If you want to generate social media buzz, Corbett Drummey is your guy. He has assembled an army of people with big followings on Facebook, Instagram, Pinterest, Snap and other platforms who are willing to spread the word about you to their followers—for a price.
His company, Popular Pays, sprang from an idea he had five years ago when he was working at Leo Burnett. He and a colleague suggested a client invite potential customers to a bar for free drinks and swag. The only requirement was each attendee had to have at least 500 followers on social media, where they presumably would share their experience. The event never happened, but Drummey pursued it on his own with Allan Holmes and Nathan Michael. (Both have left the startup.)
Drummey wasn't a social media maven—even today the CEO has fewer than 650 followers on Twitter and 1,425 on Instagram—but Holmes, who now works for Facebook, was early on Instagram. "I was learning it from my friends," says Drummey, 27, who grew up in Johnstown, Pa., and came to Chicago after earning a marketing degree in 2012 from the College of William & Mary in Williamsburg, Va. "I was at home with a spreadsheet."
Two years ago, Drummey took the idea to Y Combinator, a startup accelerator in Silicon Valley. After tinkering with the business model, he returned to Chicago, where Popular Pays now has about 30 employees.
The company occupies a niche at the intersection of social media and the gig economy. Its more than 40,000-member pool of social media influencers, on average, have more than 50,000 followers each. Brands post their needs on the Popular Pays' site, and these freelance "creators" bid on assignments. They might get paid $700 to $800 to reach a certain number of followers or as much as $10,000 if they're producing widely viewed video.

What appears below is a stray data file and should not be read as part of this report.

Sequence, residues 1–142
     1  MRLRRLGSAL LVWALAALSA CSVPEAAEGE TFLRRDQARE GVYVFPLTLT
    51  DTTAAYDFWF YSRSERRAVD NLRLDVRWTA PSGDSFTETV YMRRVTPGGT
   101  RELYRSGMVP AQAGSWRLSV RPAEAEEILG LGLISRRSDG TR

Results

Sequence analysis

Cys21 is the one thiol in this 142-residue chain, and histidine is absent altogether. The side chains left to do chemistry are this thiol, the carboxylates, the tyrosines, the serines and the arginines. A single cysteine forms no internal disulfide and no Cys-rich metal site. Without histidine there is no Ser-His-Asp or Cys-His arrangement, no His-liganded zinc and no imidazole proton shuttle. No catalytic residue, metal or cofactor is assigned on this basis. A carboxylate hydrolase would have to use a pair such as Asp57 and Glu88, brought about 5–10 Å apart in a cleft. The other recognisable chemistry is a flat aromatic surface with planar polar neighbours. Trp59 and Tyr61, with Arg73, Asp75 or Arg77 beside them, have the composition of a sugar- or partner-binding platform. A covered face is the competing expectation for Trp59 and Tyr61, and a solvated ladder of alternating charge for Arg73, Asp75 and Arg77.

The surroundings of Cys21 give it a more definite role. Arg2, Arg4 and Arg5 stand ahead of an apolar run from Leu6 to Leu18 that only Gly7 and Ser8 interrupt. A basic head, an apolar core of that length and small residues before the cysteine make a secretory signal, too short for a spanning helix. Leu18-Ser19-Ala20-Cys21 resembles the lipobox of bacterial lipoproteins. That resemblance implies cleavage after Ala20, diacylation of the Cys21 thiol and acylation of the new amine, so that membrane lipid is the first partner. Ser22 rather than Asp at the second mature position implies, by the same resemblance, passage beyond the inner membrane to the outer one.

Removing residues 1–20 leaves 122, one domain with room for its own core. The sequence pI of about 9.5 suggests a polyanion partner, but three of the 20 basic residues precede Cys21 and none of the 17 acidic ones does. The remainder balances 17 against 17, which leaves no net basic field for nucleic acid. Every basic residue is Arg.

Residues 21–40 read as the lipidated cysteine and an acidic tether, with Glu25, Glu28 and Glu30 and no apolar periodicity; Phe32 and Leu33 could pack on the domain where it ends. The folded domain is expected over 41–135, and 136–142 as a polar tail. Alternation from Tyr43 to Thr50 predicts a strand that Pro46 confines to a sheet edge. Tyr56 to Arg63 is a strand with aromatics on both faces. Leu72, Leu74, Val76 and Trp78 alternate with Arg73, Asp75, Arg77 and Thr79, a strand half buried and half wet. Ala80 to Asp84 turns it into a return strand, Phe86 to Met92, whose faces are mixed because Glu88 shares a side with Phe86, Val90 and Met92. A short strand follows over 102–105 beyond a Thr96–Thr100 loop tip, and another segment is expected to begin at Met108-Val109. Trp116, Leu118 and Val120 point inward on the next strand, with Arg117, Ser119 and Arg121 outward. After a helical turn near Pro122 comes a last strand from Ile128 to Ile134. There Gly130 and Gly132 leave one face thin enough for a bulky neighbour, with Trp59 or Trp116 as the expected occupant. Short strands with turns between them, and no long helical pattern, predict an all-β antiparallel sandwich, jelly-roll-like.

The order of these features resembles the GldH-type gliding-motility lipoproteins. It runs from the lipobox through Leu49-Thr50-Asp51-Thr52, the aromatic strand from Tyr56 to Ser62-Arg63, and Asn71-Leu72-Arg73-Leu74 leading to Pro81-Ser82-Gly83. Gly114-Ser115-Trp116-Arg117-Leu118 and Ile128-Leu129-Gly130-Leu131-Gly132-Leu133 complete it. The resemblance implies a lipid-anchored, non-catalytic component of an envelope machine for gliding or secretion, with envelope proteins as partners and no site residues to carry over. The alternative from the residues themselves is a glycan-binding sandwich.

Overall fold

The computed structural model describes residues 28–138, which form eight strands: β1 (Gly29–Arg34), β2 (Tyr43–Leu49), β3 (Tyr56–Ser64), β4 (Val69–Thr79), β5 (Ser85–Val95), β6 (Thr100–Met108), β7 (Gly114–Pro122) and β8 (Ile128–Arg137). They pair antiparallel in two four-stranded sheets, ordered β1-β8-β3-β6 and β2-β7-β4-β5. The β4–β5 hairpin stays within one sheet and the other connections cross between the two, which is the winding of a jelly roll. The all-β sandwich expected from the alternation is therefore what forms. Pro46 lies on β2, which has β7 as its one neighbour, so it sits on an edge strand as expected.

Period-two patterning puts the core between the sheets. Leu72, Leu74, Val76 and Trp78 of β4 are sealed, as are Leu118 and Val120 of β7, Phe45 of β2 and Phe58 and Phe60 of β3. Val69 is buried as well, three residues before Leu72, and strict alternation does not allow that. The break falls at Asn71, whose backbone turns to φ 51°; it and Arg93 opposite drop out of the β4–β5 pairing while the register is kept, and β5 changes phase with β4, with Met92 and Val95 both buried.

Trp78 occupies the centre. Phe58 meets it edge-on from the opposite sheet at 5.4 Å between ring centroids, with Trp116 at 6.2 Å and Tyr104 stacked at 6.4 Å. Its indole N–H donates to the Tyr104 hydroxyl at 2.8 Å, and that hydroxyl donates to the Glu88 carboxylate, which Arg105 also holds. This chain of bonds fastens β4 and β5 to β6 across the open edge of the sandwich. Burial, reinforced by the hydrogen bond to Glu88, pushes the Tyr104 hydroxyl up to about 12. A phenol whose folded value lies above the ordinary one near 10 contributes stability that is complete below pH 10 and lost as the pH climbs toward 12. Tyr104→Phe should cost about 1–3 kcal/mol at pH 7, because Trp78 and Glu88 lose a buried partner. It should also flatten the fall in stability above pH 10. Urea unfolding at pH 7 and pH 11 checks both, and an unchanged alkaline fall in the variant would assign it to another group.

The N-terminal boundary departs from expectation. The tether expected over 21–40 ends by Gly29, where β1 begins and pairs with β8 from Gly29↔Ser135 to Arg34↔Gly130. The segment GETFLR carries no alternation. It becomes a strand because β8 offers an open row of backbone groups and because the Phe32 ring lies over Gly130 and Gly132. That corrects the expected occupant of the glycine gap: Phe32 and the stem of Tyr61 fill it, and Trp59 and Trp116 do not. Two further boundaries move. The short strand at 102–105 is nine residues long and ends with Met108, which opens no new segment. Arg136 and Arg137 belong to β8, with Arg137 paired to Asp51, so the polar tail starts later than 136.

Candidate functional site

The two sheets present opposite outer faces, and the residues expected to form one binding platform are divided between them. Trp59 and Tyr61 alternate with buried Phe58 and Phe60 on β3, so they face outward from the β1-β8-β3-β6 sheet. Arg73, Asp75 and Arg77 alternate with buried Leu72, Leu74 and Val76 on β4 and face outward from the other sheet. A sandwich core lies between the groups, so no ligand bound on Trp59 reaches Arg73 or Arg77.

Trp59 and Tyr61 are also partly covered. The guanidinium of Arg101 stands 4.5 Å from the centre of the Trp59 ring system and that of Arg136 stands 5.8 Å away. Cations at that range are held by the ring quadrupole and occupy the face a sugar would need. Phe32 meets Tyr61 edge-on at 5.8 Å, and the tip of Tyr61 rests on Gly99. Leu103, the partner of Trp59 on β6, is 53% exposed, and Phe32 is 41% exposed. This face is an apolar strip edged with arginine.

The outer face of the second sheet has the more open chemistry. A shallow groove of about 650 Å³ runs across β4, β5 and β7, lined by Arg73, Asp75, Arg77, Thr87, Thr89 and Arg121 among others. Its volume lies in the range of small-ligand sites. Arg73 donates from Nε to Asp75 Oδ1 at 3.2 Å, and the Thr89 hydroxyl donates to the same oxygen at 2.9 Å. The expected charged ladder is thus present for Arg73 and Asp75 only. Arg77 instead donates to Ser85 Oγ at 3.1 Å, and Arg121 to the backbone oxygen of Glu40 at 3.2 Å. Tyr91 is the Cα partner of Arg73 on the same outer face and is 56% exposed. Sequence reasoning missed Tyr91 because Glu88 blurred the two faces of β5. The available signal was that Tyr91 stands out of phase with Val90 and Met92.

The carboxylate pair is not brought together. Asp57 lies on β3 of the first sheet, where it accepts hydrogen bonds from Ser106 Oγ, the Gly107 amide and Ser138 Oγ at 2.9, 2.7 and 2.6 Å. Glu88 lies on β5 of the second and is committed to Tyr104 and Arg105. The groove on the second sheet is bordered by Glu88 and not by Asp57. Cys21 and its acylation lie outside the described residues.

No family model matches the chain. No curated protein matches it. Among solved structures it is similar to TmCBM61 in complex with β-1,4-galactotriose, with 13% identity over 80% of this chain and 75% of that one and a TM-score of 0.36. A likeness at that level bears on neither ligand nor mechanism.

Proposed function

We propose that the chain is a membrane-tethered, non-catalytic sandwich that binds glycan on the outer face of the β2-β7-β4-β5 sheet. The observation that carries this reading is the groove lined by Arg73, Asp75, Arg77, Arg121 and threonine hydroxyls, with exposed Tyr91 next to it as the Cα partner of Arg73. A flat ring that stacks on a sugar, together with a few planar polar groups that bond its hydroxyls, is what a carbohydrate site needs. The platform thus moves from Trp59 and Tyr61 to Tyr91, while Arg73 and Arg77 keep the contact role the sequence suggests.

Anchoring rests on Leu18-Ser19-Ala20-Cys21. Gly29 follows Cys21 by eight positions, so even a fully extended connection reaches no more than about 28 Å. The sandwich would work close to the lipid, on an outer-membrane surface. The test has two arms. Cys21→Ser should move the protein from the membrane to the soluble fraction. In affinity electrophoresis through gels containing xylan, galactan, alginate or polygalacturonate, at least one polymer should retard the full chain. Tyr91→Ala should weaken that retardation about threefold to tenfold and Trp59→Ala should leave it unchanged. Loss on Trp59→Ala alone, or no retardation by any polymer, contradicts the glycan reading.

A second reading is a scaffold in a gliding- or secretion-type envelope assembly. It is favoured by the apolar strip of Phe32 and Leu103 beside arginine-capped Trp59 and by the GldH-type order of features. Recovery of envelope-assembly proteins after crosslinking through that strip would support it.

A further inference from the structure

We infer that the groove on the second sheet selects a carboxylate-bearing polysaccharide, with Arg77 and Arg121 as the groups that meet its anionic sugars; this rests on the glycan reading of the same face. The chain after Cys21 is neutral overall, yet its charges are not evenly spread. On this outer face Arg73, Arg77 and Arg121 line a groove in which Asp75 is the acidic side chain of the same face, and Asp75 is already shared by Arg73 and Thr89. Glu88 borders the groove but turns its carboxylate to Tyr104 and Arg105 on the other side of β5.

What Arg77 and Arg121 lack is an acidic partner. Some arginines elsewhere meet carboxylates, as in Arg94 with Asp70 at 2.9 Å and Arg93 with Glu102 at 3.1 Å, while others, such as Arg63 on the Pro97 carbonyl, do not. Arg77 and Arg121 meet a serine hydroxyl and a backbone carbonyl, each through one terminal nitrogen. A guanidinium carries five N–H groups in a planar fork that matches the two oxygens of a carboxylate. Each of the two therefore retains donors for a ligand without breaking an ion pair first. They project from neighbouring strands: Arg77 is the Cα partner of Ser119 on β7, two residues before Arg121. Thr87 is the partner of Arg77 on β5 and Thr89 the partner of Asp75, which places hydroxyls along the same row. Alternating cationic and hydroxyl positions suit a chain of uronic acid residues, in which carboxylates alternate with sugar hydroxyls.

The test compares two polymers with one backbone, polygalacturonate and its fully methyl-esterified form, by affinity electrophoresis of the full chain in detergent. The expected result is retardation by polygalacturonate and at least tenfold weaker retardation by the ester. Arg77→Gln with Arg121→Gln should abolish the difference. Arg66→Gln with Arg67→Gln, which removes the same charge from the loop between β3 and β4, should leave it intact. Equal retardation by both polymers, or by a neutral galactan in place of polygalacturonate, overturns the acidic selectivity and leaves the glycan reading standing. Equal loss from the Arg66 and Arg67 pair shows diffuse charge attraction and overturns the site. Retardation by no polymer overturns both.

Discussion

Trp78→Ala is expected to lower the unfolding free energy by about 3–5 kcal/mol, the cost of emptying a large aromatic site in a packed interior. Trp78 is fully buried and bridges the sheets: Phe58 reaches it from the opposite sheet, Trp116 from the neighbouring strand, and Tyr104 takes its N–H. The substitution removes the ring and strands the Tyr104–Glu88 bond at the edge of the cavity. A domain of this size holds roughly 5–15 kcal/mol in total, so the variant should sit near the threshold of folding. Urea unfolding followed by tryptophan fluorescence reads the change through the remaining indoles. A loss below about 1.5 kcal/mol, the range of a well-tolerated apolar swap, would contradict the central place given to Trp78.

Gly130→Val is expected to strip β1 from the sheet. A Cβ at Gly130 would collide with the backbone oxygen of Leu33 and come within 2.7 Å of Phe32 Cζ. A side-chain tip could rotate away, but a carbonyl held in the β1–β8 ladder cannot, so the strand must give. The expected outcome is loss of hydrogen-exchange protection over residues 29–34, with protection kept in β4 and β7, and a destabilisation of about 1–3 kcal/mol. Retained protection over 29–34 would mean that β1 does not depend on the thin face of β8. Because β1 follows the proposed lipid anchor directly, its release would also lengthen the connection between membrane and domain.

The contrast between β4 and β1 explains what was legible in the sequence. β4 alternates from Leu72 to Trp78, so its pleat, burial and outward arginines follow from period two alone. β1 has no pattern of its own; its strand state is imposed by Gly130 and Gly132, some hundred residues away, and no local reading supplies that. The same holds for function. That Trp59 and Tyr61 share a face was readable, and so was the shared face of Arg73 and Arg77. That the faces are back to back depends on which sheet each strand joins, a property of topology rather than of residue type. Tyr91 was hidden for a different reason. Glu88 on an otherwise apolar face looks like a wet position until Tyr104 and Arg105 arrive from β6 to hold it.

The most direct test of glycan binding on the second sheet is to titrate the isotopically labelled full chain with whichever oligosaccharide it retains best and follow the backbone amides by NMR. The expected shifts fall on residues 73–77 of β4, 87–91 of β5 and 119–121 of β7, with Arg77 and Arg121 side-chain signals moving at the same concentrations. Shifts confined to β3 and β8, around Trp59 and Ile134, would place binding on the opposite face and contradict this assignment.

Companies "can pick people to post based on their individual reach or profile, or we can assemble them," Drummey says. Popular Pays collects a percentage of the amount spent on the campaign. Customers include Amazon, Nike, McDonald's and Banana Republic. The big names have helped the startup raise about $6 million. Drummey says the company broke even in the fourth quarter. He declines to disclose revenue.
Jason Peterson, Chicago-based chairman and chief creative officer of advertising agency Havas U.S., has 1 million Instagram followers. Still, he uses Popular Pays to boost his own staff's reach. "It gives us massive scale and more relevant content," he says. "When I look at our clients, I operate on the philosophy they have no time and no money. I can get a (proposal) from a client; I can put it out on Pop Pays and start getting ideas back immediately at a cost level that makes sense under the constraints of social media."
The best social media buzz is free. Popular Pays is a close second.